Speaking on one aspect of this undercurrent is just scraping the surface. It does not even begin to explain why jealousy, hate, envy, and violence end so many rapper’s careers and lives way too soon. Rappers seem to get targeted and killed way too often. Whether it is over money, a failed robbery, an argument or dispute, past issues, affiliations, beef, etc., it has become a constant in the culture. Jim Jones said being a rapper is the most dangerous profession in the world. That can be discussed and debated as you please. But there is doubt that it is dangerous as fuck to be a rapper. Chinx Drugz died in a Porsche Panamera on his way to becoming a star. Pop Smoke was killed in a mansion in Los Angeles as he was popping off. Stacks Bundles was killed during a neighborhood dispute as he was becoming one of New York’s hottest rappers. Big L was killed in a drive by in his neighborhood. Proof died during a confrontation in his hometown. Young Dolph was killed in his hometown picking up cookies before he hosted an annual turkey drive that he had funded for years. XXXtentacion was followed and killed over a botched robbery after visiting a motorcycle shop to purchase a high-end bike. Tupac died at the height of his career. So did Biggie. Fabulous was shot in Manhattan in 2006 but survived. Cam’ron was shot in DC in 2005 after he left a performance then drove himself to the hospital. He survived. The circumstances (failed robbery, dispute, street ties, past beef, argument, etc.) that led to all these shootings and killings is different. But the root causes are the same: jealousy, envy, hate, and lack of respect for one another.


I do not know the answer to stop this from happening. I think the answer is bigger than the communities that these rappers come from. The problems do not begin or end with the shooter. Hate and jealousy were around long before hip hop was. What is sad is this. A rapper survives a rough childhood, everything thrown their way, and makes it out of their circumstances. They make a name for themselves, achieve success, make more money than they have ever seen in their lives, and begin to be able to live the life they always dreamed of. They start building a life for themselves, their family, children, and can give friends’ opportunities. Just as they begin to be able to put themselves in a better position, feel a weight start to lift off their shoulders, and make something of themselves, they get killed. Gone is the opportunity to create generational wealth for their family. Gone is the financial stability for their families and loved ones. Gone are the opportunities for their friends. Their dreams, career, and life are gone in an instant. Families are ruined. Lives are changed forever. The cycles continue. Think about all the young, talented individuals we have lost in hip hop to death and jail. It is a tragedy within itself.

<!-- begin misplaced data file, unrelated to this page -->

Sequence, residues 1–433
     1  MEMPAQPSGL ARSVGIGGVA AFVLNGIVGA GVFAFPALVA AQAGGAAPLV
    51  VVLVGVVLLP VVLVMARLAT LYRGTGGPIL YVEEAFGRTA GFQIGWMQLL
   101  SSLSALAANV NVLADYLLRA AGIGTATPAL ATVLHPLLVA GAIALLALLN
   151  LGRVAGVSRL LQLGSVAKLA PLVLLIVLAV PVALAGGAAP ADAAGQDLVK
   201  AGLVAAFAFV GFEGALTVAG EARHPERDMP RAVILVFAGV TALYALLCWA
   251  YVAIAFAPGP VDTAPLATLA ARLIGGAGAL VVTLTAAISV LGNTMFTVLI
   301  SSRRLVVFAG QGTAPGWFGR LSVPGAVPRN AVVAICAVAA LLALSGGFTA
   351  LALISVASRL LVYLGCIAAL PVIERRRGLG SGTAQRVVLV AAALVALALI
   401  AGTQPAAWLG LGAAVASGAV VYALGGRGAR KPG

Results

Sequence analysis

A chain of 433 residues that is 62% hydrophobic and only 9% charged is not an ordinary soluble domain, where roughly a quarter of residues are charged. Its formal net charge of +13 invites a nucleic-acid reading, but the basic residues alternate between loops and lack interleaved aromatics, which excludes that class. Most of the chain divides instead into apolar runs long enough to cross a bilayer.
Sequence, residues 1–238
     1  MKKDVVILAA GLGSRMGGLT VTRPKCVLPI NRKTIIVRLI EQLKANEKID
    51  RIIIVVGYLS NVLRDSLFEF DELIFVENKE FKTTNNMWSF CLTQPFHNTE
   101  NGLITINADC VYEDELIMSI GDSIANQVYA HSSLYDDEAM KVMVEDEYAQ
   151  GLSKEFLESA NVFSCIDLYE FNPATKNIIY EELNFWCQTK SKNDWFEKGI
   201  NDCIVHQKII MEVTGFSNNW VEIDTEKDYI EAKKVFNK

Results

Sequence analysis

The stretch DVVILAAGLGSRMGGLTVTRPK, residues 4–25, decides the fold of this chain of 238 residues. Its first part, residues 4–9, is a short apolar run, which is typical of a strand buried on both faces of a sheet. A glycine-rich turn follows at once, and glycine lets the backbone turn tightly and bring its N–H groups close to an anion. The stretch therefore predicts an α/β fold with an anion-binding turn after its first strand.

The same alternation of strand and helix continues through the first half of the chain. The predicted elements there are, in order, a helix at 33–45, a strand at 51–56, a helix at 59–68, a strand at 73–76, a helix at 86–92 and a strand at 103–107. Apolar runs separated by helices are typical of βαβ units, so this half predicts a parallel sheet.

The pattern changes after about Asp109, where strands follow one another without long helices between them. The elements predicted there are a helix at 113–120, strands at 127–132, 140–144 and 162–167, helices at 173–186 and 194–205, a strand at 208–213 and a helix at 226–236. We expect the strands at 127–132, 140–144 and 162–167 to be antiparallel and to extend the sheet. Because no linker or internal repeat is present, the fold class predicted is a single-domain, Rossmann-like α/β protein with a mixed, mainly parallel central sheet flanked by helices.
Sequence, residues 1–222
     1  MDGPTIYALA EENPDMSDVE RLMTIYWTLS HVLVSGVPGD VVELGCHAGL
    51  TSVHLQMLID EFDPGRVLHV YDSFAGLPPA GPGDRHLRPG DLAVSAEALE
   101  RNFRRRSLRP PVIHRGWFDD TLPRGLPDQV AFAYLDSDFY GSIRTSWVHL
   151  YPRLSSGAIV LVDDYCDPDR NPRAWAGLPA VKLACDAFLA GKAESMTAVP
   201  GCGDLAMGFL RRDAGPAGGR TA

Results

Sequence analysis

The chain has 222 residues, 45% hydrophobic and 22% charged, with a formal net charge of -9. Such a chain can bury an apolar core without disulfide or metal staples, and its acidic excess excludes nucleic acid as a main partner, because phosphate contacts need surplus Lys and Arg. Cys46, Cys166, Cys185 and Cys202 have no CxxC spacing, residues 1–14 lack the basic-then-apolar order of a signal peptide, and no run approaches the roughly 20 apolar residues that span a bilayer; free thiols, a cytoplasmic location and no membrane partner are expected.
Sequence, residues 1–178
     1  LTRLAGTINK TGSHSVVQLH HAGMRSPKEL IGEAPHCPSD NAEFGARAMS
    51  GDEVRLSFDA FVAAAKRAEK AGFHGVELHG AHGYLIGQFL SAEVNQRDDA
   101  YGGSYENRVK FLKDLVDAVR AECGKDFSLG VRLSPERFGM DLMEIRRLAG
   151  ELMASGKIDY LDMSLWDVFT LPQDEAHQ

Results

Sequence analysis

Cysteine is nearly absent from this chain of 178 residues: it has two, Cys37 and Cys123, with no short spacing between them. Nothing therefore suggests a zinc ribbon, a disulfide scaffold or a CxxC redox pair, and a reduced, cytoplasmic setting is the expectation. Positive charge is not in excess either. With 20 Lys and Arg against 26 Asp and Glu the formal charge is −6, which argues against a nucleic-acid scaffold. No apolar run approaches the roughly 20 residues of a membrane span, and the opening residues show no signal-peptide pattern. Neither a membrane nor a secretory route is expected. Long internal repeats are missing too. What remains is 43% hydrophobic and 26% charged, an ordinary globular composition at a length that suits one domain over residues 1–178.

To end on a more positive note, below is a poem by Tupac Shakur “The Rose That Grew From Concrete”. It touches on people who come from places people consider not so great and even with their imperfections (like a rose), they obtain greatness and success.


The Rose That Grew From Concrete

Did you hear about the rose that grew from a crack in the concrete? Proving nature's law is wrong it learned to walk with out having feet. Funny it seems, but by keeping its dreams, it learned to breathe fresh air. Long live the rose that grew from concrete when no one else ever cared.